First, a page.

Frequently Asked Questions

Institutional Holdings
Insider Form 4

Institutional Holdings

Q: Where does the Institutional Holdings information come from?

A: Institutional Holdings information is filed by major institutions on form 13-F with the Securities and Exchange Commission. 

Q: What is a Form 13F?

A:  Form 13F is the reporting form filed by institutional investment managers pursuant to Section 13(f) of the Securities Exchange Act of 1934.  Congress passed Section 13(f) of the Securities Exchange Act in 1975 in order to increase the public availability of information regarding the securities holdings of institutional investors. Congress believed that this institutional disclosure program would increase investor confidence in the integrity of the United States securities markets.

Q:  Who must file Form 13F?

A:  Institutional investment managers that use the United States mail (or other means or instrumentality of interstate commerce) in the course of their business and that exercise investment discretion over $100 million or more in Section 13f securities must file Form 13F.   

Q:  What is an "institutional investment manager"?

A:  An institutional investment manager is an entity that either invests in, or buys and sells, securities for its own account. For example, banks, insurance companies, and broker/dealers are institutional investment managers. So are corporations and pension funds that manage their own investment portfolios.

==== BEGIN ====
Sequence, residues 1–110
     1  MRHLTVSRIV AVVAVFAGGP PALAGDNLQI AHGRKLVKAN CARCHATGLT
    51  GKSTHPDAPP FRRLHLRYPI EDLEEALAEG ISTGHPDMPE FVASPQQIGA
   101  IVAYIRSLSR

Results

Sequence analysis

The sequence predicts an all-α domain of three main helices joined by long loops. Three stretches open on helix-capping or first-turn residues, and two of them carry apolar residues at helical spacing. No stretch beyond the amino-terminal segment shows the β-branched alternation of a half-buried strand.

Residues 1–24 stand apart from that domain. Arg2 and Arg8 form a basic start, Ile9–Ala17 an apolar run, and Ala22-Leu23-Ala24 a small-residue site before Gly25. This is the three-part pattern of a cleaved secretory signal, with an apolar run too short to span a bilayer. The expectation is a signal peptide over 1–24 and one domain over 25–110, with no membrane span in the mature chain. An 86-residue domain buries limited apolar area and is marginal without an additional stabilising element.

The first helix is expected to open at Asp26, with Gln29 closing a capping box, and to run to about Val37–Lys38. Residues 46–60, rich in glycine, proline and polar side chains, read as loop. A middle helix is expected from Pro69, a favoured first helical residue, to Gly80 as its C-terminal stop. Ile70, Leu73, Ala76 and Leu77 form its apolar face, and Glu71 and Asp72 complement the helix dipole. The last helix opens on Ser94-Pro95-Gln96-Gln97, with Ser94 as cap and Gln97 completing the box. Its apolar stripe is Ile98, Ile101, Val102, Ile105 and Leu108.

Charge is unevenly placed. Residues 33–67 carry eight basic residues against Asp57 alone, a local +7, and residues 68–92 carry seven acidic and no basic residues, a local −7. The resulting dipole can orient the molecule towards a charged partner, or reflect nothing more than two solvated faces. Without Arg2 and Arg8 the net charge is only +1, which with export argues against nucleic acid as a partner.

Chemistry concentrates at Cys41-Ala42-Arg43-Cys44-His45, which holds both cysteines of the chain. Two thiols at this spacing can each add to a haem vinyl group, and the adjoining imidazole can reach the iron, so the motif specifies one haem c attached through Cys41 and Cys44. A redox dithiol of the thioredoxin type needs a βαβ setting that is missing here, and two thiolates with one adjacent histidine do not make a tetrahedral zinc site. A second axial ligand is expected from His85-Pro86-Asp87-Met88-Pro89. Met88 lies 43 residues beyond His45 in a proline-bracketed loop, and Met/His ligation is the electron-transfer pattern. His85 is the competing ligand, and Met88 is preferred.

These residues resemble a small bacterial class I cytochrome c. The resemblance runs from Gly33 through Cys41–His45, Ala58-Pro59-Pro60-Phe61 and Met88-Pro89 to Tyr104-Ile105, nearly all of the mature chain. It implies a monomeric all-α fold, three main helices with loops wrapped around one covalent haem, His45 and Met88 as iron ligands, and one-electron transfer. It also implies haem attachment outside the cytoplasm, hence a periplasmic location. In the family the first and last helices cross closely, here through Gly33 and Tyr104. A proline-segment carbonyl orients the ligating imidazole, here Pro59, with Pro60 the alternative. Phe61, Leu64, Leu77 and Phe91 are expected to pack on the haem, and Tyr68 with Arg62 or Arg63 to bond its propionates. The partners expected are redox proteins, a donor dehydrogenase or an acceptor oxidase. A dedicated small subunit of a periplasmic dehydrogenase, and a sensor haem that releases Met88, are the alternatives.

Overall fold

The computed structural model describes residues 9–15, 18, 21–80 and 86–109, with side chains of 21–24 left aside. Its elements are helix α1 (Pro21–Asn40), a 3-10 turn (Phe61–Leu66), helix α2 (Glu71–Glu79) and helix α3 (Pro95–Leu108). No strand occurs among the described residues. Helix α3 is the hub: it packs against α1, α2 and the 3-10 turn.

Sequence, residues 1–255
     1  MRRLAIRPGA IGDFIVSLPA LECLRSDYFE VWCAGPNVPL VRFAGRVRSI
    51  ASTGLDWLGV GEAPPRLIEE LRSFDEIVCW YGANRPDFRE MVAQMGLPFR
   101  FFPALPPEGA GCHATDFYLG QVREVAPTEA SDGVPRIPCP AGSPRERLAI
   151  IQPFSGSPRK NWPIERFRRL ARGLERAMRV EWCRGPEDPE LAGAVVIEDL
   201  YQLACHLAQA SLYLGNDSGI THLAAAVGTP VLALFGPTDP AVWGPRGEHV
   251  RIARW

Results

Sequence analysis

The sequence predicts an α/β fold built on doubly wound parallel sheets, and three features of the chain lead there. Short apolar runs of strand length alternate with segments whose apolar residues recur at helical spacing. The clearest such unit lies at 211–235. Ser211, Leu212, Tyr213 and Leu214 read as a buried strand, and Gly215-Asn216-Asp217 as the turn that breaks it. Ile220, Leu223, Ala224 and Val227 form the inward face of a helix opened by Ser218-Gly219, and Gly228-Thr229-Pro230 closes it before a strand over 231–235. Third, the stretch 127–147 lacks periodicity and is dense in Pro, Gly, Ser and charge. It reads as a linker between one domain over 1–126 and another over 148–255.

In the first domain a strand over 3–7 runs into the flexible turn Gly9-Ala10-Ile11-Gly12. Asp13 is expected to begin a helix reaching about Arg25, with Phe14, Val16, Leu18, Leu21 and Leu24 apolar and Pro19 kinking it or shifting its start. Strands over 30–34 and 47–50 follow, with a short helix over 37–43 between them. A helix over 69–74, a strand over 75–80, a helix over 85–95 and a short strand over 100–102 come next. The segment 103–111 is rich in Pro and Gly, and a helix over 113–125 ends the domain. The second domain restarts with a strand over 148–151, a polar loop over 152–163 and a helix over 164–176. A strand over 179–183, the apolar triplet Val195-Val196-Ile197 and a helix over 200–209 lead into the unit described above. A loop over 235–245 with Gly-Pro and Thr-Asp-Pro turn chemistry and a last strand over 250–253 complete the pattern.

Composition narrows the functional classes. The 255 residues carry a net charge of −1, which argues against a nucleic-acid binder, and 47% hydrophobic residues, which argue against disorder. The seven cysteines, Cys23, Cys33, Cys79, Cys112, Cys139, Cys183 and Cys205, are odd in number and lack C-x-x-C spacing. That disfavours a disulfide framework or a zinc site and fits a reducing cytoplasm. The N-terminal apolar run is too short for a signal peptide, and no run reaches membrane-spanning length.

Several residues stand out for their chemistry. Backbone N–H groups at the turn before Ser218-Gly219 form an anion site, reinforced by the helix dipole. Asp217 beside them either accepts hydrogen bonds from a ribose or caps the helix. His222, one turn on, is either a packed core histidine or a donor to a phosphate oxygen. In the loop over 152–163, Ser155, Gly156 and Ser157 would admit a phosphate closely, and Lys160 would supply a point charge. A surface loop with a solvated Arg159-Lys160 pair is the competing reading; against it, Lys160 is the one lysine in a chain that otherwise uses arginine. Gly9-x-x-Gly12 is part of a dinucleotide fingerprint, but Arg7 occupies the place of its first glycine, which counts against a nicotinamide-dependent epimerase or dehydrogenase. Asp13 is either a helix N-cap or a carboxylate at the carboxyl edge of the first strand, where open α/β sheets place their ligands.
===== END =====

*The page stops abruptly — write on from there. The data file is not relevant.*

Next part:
An institutional investment manager is also a natural person or an entity that exercises investment discretion over the account of any other natural person or entity. For example, an investment adviser that manages private accounts, mutual fund assets, or pension plan assets is an institutional investment manager. So is the trust department of a bank.  A trustee is an institutional investment manager, but a natural person who exercises investment discretion over his or her own account is not an institutional investment manager.

Q: What are the filing deadlines for 13F's at the SEC?

A: Reports are filed within 45 days after calendar quarter end with the vast majority of updates occurring near the 45th day of the quarter.

Q:  Are foreign institutional investment managers required to file Form 13F?

A:  Yes, if they: (1) use any means or instrumentality of United States interstate commerce in the course of their business; and (2) exercise investment discretion over $100 million or more in Section 13(f) securities.

Q:  Must an institutional investment manager file Form 13F even if it is not an SEC-registered investment adviser because it does not meet the definition of investment adviser in Section 202(a)(11) of the Investment Advisers Act?

A:  Yes. If the manager meets the requirements of Section 13(f) of the Securities Exchange Act, it must file Form 13F regardless of whether it is an SEC-registered investment adviser. Banks, bank holding companies, and broker/dealers that exercise investment discretion over $100 million or more in Section 13(f) securities are required to file Form 13F, even though they are excluded from the definition of investment adviser.

Q:  What is "investment discretion"?

A:  An institutional investment manager exercises investment discretion if: (i) the manager has the power to determine which securities are bought or sold for the account(s) under management; or (ii) the manager makes decisions about which securities are bought or sold for the account(s), even though someone else is responsible for the investment decisions.